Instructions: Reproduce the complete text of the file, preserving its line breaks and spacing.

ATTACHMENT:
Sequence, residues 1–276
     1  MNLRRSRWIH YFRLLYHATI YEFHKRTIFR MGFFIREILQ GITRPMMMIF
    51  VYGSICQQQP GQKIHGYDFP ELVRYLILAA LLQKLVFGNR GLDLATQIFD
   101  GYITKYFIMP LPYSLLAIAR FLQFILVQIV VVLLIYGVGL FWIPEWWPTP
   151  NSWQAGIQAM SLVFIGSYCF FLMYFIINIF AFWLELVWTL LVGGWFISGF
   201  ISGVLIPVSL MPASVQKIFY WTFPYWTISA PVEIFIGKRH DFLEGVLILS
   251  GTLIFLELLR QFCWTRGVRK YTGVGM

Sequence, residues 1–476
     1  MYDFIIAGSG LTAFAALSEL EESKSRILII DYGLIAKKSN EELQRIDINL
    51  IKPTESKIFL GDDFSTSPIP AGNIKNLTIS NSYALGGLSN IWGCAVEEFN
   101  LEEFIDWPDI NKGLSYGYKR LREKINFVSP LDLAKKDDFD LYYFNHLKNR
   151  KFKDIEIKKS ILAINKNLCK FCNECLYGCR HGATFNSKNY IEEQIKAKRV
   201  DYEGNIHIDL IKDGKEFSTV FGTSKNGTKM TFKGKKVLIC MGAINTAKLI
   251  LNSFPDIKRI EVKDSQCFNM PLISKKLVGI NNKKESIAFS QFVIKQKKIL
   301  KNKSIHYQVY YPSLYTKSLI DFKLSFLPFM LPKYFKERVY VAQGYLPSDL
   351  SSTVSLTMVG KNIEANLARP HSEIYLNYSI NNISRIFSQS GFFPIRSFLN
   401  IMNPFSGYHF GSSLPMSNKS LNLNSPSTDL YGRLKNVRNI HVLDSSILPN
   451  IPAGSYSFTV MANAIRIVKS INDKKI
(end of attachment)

Sequence, residues 1–276
     1  MNLRRSRWIH YFRLLYHATI YEFHKRTIFR MGFFIREILQ GITRPMMMIF
    51  VYGSICQQQP GQKIHGYDFP ELVRYLILAA LLQKLVFGNR GLDLATQIFD
   101  GYITKYFIMP LPYSLLAIAR FLQFILVQIV VVLLIYGVGL FWIPEWWPTP
   151  NSWQAGIQAM SLVFIGSYCF FLMYFIINIF AFWLELVWTL LVGGWFISGF
   201  ISGVLIPVSL MPASVQKIFY WTFPYWTISA PVEIFIGKRH DFLEGVLILS
   251  GTLIFLELLR QFCWTRGVRK YTGVGM

Sequence, residues 1–476
     1  MYDFIIAGSG LTAFAALSEL EESKSRILII DYGLIAKKSN EELQRIDINL
    51  IKPTESKIFL GDDFSTSPIP AGNIKNLTIS NSYALGGLSN IWGCAVEEFN
   101  LEEFIDWPDI NKGLSYGYKR LREKINFVSP LDLAKKDDFD LYYFNHLKNR
   151  KFKDIEIKKS ILAINKNLCK FCNECLYGCR HGATFNSKNY IEEQIKAKRV
   201  DYEGNIHIDL IKDGKEFSTV FGTSKNGTKM TFKGKKVLIC MGAINTAKLI
   251  LNSFPDIKRI EVKDSQCFNM PLISKKLVGI NNKKESIAFS QFVIKQKKIL
   301  KNKSIHYQVY YPSLYTKSLI DFKLSFLPFM LPKYFKERVY VAQGYLPSDL
   351  SSTVSLTMVG KNIEANLARP HSEIYLNYSI NNISRIFSQS GFFPIRSFLN
   401  IMNPFSGYHF GSSLPMSNKS LNLNSPSTDL YGRLKNVRNI HVLDSSILPN
   451  IPAGSYSFTV MANAIRIVKS INDKKI